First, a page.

Abeam the numbers on the runway, begin setting up your landing. First, complete the landing checklist, then reduce power considerably–usually to around 1,500 RPM. Let the plane slow and settle into a decent. As soon as you are below Vfe, extend the first notch of flaps. 

Turn your base leg close enough that you can glide to the runway should the engine fail. If you are following another plane, maintain your altitude longer and don’t turn base until the other plane has passed you on their final approach.

Once on the base leg, continue slowing by adding another notch of flaps. 

Turn final so that you’re aligned with the runway. Ensure you do not over or undershoot on the turn. If you do, keep the plane coordinated and always keep your traffic pattern turns to less than 30 degrees of bank. The traffic pattern is no place to practice steep turns.

Once established on final, add the final notch of flaps and slow to your plane’s Vref speed. Reference the VASI or PAPI to fine-tune your descent angle. Use your pitch to control your airspeed to maintain Vref and your power to control your descent rate.

Step 4 – Landing

Maintain a stabilized approach until you are over your aim point on the runway. There, begin slowly reducing the power to idle. Manage the plane’s momentum by slowly pitching up as the airspeed bleeds off. 

The goal of every landing should be to settle onto the main wheels with a nose-high attitude, touching down at an airspeed just above a stall. 

(if you need help understanding airspeed take a look at my post on indicated airspeed vs true airspeed).

Cessna landing

Step 5 – Takeoff Again

After touchdown, let the plane lose speed as you roll down the runway. Put the nose wheel on the centerline. Once the plane’s momentum has settled, raise the flaps and smoothly apply full power. Transition into a takeoff, rotate off at Vr, and climb at Vy. 

Start the pattern again, and repeat as necessary!

Common Mistakes Made During Touch and Goes

Touch and goes are an advanced maneuver–you can’t start mastering a touch and go maneuver until all of the other bits and pieces have been learned. And with so much going on in such a short space and time, there are many things to practice. 

In the end, that’s what touch and goes help a pilot do–they are done for practice. They compress everything together into one quick maneuver so that you can practice all of the tasks you need over and over again relatively quickly. The point isn’t to rush through them; it’s just to get in lots of practice. In other words, touch and goes are a trip to the batting cage for pilots. 

All of the errors you might make during takeoff, departure, or traffic patterns could happen to you during a touch and go. Common problems are things like rushing the process, skipping checklists, failure to maintain stabilized approaches, and keeping positive aircraft control after touchdown.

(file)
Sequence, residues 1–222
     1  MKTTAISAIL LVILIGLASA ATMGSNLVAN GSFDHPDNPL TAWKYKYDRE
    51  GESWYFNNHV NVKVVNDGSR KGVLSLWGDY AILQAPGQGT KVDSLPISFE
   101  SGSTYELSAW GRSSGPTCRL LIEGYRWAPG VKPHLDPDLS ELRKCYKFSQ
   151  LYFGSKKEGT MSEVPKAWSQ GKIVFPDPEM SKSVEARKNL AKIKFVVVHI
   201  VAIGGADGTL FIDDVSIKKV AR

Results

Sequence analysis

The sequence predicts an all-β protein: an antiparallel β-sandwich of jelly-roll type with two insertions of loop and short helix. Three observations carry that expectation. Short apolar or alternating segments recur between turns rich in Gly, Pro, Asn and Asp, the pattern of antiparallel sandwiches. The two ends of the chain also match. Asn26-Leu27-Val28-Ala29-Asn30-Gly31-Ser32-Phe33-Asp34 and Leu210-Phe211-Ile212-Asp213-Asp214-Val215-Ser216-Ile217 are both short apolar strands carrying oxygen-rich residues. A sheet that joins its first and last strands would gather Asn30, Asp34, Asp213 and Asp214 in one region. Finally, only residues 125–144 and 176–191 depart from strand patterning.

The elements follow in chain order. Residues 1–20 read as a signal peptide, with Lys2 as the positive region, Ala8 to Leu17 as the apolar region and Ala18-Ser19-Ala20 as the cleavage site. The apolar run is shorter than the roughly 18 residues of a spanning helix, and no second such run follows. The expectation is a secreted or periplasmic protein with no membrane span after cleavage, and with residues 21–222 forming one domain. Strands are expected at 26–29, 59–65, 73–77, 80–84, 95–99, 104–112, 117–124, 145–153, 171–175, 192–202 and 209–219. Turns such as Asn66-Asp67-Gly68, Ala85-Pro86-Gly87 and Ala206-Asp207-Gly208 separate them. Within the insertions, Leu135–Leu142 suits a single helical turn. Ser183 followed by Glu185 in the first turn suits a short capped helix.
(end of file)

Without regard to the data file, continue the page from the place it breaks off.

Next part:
Raising the Flaps Too Soon – Or Worse

Everything in the cockpit of an airplane should be done carefully and never in haste. This is especially true on touch and goes when hitting the wrong button could result in a very unpleasant experience. Indeed, it’s too common for pilots to raise the landing gear instead of the flaps while rolling down the runway and transitioning for takeoff. 

This incident is common enough that some flight schools prohibit touch and goes in their complex planes. 

Carrying Too Much Momentum After Touchdown

This error does not result during a touch and go, but it is related. 

Airplanes are not extremely stable while on the ground–they can tip over readily and lose directional control easily. When the plane has an excess of momentum, such as after it has just touched down, there is a critical time where the plane’s weight is still carried by her wings and not her wheels. 

The pilot must realize that the plane is still flying and is not ready to be turned or taxied. This is one reason why touch and go flying is often practiced later in training, after students have a solid feeling for what a normal approach, touch down, landing roll, and turn off onto the taxiway feel like. 

If you’ve been practicing touch and goes for a while, you’ll become accustomed to the plane rolling down the runway quickly. However, it’s essential to separate an airplane touch and go from a normal landing. You should fly the plane to a stop during a normal landing–or very nearly to a stop. Then, once the plane is supported only by her landing gear, a slow and careful turn off onto the taxiway can be completed.

According to the FAA, here are the most common errors during approaches and landings.

  • Failure to complete the landing checklist
  • Inadequate wind drift correction
  • Overshooting or undershooting turns and using too steep of banks to correct
  • Failure to remain coordinated (incorrect rudder usage)
  • Unstable approaches
  • Failure to control pitch and power to compensate for flap settings
  • Poor trim technique
  • Trying to maintain altitude using pitch only (incorrect use of power)
  • Rounding out too high or too low
  • Touch down in the wrong attitude (usually too nose-low)
  • Failure to hold enough back pressure to keep the nose up after touch down
  • Excessive braking
  • Loss of aircraft control during touchdown and rollout